When you think of the men and women of the United States Army (or any of the Armed Forces, for that matter), one of the first words that comes to your mind is likely “reliable.” Regardless of what is going on in our personal and professional lives, we take comfort in knowing that they’re out there – giving their all to keep each and every one of us safe from threats both foreign and domestic, no matter what.
Indeed, that reliability is exactly why the army uses phenolics machining on a regular basis – because of the superior levels of consistency, trustworthiness and dependability that they offer that is difficult to find in other materials.
Plastics Machining and the U.S. Army – The Perfect Pairing
Case in point: G10 FR4 phenolics, which are known for (among other things):
- Extraordinarily high mechanical strength.
- Excellent dielectric loss properties.
- Superior electric strength properties.
- Unbeatable temperature resistance.
- The ability to maintain peak performance in both wet and dry conditions.
If someone stationed at a military base in a desert halfway around the world needs to use a computer, they need something with a little more powerful than the machine that you’re using to read this would have. They need something that can withstand one of the harshest environments on Earth – which is why the Army regularly uses printed circuit boards (like the kinds found in computers and other electronics equipment) that are made with G10 FR4 plastics in particular.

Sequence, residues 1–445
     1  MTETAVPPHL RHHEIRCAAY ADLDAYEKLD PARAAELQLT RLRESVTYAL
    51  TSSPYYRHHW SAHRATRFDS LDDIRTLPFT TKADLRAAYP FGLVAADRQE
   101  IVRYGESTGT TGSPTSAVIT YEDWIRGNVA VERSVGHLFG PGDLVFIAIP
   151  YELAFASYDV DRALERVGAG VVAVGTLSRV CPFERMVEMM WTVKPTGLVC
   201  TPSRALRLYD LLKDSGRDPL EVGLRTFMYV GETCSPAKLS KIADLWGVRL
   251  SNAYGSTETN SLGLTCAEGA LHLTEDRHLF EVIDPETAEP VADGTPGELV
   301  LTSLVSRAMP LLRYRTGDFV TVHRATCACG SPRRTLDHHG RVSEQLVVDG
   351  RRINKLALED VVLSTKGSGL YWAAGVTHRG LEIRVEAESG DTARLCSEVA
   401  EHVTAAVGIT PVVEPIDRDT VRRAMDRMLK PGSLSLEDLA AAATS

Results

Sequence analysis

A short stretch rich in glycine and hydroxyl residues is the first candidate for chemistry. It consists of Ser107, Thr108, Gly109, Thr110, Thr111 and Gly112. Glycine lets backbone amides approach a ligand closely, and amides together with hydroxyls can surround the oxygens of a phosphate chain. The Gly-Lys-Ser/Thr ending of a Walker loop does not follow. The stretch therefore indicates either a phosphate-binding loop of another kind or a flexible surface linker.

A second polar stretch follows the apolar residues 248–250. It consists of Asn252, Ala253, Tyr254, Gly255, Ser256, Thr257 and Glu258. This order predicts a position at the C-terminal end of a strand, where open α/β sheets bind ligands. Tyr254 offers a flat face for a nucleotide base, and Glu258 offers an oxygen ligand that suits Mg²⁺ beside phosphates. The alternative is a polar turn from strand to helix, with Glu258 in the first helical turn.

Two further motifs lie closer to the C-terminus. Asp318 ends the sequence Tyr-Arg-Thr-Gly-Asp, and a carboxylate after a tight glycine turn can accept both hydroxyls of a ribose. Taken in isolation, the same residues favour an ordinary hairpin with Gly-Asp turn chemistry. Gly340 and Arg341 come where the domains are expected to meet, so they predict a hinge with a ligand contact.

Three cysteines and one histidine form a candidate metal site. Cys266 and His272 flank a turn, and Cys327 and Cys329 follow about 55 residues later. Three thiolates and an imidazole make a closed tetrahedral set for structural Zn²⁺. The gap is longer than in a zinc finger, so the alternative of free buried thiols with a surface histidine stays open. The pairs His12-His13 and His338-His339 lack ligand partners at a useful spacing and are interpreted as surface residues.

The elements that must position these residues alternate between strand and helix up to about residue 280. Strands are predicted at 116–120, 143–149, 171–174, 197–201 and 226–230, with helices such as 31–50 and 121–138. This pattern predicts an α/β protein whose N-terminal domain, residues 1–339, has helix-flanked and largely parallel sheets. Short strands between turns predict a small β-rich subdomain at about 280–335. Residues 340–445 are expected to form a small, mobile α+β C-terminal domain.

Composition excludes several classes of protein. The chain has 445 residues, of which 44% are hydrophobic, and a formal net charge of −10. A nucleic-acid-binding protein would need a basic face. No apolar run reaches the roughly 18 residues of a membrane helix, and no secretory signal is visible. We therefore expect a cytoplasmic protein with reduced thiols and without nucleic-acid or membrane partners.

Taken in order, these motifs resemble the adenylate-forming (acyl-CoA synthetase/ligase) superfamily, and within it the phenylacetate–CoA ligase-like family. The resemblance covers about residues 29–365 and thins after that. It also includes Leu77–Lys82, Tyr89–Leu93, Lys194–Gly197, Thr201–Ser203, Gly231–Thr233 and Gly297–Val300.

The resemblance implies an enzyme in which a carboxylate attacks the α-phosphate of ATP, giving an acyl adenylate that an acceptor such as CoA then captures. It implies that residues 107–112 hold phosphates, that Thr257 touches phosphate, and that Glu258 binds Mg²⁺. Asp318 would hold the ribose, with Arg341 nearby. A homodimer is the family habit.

But it goes beyond simple computer-based applications, too. Helicopters, military vehicles destined for long-term combat, state-of-the-art surveillance gear – you name it. If it has a printed circuit board inside, you can be confident in knowing that this asset is backed by the best that G10 FR4 has to offer.
But materials created via phenolics machining are found in other areas of the wonderful world of the U.S. Army, too. Think about your average army base, for example. Not only do these types of environments typically need to be set up very quickly, but they need to be able to withstand a wide array of incredibly harsh conditions.
This is why Army officials regularly turn to phenolics machining for everything from seals to gears to rollers and beyond. These are often the components of structures, gear and mission-critical assets that most people don’t spend too much time thinking about – in other words, the parts that a lot of us take for granted. But don’t forget that a chain is only as strong as its weakest link and if even one seal fails due to extreme heat, a massive storm or some other environmental issue, it could bring the functionality of that very base to its proverbial knees.
None of us want to see that happen – and neither does the U.S. Army, which is why they often turn to phenolics machined materials and the incredibly level of reliability that simply cannot be matched through other means.
If you’d like to find out even more information about the groundbreaking ways in which plastics machining is making its impact with our brave men and women in the U.S. Army, or if you’d just like to discuss the specifics of your own situation with someone in a bit more detail, please don’t delay – contact JMJ Profile today.